The word is currently facing several health crises: in between ever-growing obesity, antibiotic resistance, and rampant antivaxxing, there’s no shortage of medical issues around the planet. But one particular issue rarely makes the headlines, despite its potentially devastating effects: the sperm crisis.
There’s probably not one single cause for this phenomenon — Presumably, there is a sum of different environmental factors, and understanding and quantifying their effect is not an easy task. However, researchers working in the UK have found at least one potential factor affecting male fertility: two home chemicals.
In a new paper published in Scientific Reports, a team from Nottingham University set out to test the effects of two specific man-made chemicals: the common plasticizer DEHP, which is widely abundant household items like carpets, flooring, upholstery, clothes, wires, toys, and even food and the persistent industrial chemical polychlorinated biphenyl 153, which although banned globally, remains widely detectable in the environment including food.
Researchers tested the effects of these two chemicals on sperm coming from human males and male dogs coming from the same area in the UK (in order to minimize environmental geographical differences). They found that both substances, at concentrations commonly found in homes, can damage both man and dog sperm quality.
Rebecca Sumner, who carried out the experimental work as part of her PhD said that in both groups of subjects, the effect was reduced sperm motility and increased fragmentation of DNA.
“We know that when human sperm motility is poor, DNA fragmentation is increased and that human male infertility is linked to increased levels of DNA damage in sperm. We now believe this is the same in pet dogs because they live in the same domestic environment and are exposed to the same household contaminants. This means that dogs may be an effective model for future research into the effects of pollutants on declining fertility, particularly because external influences such as diet are more easily controlled than in humans.”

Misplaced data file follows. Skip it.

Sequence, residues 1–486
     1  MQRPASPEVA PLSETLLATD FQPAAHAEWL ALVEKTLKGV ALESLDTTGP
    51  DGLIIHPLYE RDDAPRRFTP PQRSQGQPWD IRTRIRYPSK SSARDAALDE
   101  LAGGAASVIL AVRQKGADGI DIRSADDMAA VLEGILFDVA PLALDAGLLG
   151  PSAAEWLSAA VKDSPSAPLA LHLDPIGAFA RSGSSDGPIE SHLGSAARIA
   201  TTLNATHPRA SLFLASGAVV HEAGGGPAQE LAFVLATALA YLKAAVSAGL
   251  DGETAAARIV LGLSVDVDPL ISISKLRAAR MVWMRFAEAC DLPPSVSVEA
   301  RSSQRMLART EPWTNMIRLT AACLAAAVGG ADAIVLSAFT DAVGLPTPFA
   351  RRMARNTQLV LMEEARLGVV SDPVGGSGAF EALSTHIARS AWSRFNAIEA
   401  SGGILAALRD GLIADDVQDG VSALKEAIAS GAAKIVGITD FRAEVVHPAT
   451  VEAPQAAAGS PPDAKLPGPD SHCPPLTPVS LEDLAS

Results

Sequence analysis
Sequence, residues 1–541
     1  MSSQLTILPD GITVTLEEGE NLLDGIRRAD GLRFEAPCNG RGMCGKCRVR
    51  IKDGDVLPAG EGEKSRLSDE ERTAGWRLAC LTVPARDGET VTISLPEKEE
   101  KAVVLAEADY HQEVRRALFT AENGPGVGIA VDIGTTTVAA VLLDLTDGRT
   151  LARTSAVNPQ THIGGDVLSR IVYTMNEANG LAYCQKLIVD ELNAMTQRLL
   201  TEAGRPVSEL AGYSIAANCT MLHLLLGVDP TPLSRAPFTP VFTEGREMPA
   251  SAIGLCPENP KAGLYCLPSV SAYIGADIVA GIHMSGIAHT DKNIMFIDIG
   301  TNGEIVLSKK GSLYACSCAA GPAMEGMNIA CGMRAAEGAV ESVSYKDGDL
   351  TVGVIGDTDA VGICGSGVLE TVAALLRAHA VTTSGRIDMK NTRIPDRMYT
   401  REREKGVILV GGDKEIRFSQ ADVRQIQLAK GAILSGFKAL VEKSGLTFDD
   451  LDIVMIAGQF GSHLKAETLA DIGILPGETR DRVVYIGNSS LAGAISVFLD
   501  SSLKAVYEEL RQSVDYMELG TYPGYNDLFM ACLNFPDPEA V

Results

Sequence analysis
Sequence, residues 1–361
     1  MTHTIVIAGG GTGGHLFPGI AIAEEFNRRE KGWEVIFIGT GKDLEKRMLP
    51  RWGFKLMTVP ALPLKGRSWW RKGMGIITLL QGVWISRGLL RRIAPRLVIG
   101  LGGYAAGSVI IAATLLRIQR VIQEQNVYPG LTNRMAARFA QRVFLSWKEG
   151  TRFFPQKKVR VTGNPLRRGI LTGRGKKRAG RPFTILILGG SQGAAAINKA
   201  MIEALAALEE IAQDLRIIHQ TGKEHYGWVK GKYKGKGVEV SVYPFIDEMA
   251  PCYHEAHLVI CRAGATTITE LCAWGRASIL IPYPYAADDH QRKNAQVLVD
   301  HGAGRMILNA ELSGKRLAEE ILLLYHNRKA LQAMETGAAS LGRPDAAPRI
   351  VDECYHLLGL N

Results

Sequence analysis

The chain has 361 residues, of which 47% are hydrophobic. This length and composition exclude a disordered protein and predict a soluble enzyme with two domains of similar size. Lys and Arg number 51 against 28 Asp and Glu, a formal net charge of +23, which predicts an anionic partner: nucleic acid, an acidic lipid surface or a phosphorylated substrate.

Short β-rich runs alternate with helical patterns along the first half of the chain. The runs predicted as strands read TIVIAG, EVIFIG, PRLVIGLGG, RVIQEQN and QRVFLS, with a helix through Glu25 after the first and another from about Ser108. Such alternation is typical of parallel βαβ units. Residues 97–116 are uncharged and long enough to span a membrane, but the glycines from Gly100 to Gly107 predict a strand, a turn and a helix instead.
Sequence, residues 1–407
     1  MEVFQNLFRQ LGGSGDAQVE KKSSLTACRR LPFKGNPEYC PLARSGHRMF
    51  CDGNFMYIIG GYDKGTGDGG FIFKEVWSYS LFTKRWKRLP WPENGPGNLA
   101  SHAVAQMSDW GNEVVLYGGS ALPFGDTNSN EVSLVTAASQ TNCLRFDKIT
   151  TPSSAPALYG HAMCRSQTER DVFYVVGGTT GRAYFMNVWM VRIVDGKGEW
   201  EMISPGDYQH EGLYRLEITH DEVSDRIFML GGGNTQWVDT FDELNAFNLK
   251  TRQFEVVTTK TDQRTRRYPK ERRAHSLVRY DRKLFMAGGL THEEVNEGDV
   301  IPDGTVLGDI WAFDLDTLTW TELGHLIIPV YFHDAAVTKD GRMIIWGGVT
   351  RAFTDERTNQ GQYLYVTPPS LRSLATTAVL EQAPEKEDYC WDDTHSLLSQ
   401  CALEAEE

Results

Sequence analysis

This isn’t the first study to raise concerns about common household chemicals. Since the declining sperm count issues seems to be largely limited to the Western World, the cause is presumably something associated with a Western lifestyle — and common chemicals are one of the common denominators.
The one silver lining, researchers say, is that now we know that dogs can serve as a proxy for future studies, which could be very useful for future research. Also, since humans and dogs share the same living environment but vastly different diets, this seems to be a nod pointing at the living environment as a main source of sperm quality decline.
“This new study supports our theory that the domestic dog is indeed a ‘sentinel’ or mirror for human male reproductive decline and our findings suggest that man-made chemicals that have been widely used in the home and working environment may be responsible for the fall in sperm quality reported in both man and dog that share the same environment,” said Associate Professor Richard Lea, who led the project.
Next, researchers want to study geographical variations in how sperm quality is affected.
“Since environmental pollutants largely reflect a Western way of life such as the effects of industry, the chemicals present in the environment are likely to depend on the location. An important area of future study is to determine how the region in which we live may effect sperm quality in both man and dog,” concludes Professor Gary England.
The study “Independent and combined effects of diethylhexyl phthalate and polychlorinated biphenyl 153 on sperm quality in the human and dog” by Sumner et al has been published in Scientific Reports.